The government sold our land without asking for our permission … this is very bad … how do we survive? … We depend on this land to grow crops and harvest forest vegetables to take care of our families. (15 November 2015)
Interviews and discussions held with individuals and groups reveal that women in general were the most affected by SGSOC's project because of their reliance on land to harvest forest items, but also because of their socio-cultural role in ensuring local food production. Women in settler households were badly affected because they were often not considered for compensation, when any was offered or promised. Even in cases where women from a settler background intermarry with indigenous men, we were told those women still do not command full access rights to land because the society is patrilineal – and women's access rights to land are derived from men. Thus, settler women had access to very limited land parcels compared with women with ancestral links. We were told that through the influence of chiefs and their networks, almost all men and women with ancestral claims were promised compensation for crops destroyed. However, the few who had received compensation at the time of fieldwork claimed that the amount received was far less than the value of their crops, even for that year. A few were compensated, despite the length of time of their occupancy, but settler groups were not. This magnified the power asymmetry among the community, but also the power of patronage.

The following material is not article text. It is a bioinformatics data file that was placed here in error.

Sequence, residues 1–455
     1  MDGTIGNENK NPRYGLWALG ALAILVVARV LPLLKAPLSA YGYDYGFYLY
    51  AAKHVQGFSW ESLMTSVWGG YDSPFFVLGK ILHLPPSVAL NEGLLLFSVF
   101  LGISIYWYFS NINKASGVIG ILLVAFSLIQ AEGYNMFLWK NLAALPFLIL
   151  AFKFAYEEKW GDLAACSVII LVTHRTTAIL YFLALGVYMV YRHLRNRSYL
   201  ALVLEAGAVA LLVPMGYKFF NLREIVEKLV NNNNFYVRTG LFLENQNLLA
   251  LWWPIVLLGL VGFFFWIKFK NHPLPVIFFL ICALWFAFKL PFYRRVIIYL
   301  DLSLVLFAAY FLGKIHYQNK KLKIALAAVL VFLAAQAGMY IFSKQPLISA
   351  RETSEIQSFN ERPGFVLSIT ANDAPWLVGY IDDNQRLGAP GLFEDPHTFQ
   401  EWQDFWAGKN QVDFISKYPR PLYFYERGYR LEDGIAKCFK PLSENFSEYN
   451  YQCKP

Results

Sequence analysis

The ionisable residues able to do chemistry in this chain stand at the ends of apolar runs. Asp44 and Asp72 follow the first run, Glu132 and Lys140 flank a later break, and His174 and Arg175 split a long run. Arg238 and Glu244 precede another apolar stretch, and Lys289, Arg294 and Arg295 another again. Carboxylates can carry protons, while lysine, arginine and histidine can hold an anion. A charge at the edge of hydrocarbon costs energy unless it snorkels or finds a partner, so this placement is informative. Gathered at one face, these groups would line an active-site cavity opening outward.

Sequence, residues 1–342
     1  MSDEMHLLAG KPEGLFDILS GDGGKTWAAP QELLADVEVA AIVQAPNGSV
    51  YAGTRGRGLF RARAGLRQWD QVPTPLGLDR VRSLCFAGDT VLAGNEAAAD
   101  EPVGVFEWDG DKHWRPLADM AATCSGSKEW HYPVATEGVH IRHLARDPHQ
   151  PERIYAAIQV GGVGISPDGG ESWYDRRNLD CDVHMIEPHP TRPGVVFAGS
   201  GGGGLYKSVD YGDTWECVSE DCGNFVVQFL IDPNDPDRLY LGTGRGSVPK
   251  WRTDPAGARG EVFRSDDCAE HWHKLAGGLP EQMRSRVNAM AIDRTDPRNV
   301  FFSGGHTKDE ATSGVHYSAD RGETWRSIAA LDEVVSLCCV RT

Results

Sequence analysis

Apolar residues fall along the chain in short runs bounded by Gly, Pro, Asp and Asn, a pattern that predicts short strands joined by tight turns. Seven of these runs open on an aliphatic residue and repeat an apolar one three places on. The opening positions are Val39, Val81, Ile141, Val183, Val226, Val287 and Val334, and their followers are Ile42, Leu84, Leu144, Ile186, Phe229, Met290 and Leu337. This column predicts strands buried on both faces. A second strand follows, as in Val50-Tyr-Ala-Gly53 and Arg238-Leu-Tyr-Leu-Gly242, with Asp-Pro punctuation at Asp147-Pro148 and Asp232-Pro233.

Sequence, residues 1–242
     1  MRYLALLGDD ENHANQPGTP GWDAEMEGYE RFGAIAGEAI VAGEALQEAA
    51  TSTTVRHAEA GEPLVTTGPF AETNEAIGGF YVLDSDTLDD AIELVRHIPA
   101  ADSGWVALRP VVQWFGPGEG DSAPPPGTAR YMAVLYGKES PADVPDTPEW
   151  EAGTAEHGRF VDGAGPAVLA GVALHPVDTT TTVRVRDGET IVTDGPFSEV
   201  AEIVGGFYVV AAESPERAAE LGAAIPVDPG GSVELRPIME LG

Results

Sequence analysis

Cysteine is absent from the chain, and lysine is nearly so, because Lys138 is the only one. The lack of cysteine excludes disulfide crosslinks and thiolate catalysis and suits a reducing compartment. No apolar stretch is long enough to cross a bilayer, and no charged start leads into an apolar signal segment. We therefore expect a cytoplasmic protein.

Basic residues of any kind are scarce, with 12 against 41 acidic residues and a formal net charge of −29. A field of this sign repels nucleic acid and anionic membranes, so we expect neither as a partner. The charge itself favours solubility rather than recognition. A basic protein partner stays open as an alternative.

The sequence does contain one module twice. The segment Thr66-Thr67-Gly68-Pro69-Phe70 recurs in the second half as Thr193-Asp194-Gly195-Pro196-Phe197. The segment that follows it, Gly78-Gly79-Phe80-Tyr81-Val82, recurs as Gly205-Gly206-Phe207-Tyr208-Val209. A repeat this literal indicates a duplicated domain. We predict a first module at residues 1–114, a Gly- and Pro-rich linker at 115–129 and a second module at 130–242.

As a stranger woman, life will be very difficult for my family … my husband has no stable income … my cassava farm was destroyed without compensation. (10 January 2017)
‘… This is my village, we struggled very hard with this company before they could give us some little money …’ A respondent from a chiefly household commented (9 September 2015).
These quotes reveal the degree of suffering affecting the wellbeing of communities; but also point to the fact that the impact of the loss of land is disproportionately felt between indigenous and stranger households, and especially by women [or – cutting across these categories, the loss of land has gendered dimensions]. The nature of crops grown by women and their cultural responsibilities to focus on subsistence crops places stranger women in a more precarious situation when dispossessed than those with ancestral links who can work through their chiefs or local politicians to obtain alternative farmland. During fieldwork, about 30% of all indigenous men also reported that they had limited possibilities to expand their cocoa farms because parts of the forest reserved for future use had been acquired. Over 60% of men from stranger/migrant backgrounds lost their farmland because they were never part of the negotiation, but also because they are not considered as having traditional rights to ancestral land, and so could not be part of the ‘few’ who were contacted during deliberations. Consequently, most strangers/settlers lost land to SGSOC without securing alternative sources of livelihood from the company or the state (cf. Ndi Reference Ndi2017; Ndi & Batterbury Reference Ndi and Batterbury2017; Batterbury & Ndi Reference Batterbury, Ndi, Binns, Lynch and Nels2018; Wanki & Ndi Reference Wanki, Ndi and Fonjong2019). In sum, without stronger patronage networks and political power, settler households tend to be more vulnerable to land acquisitions compared with indigenous populations.
Economic deprivation and food insecurity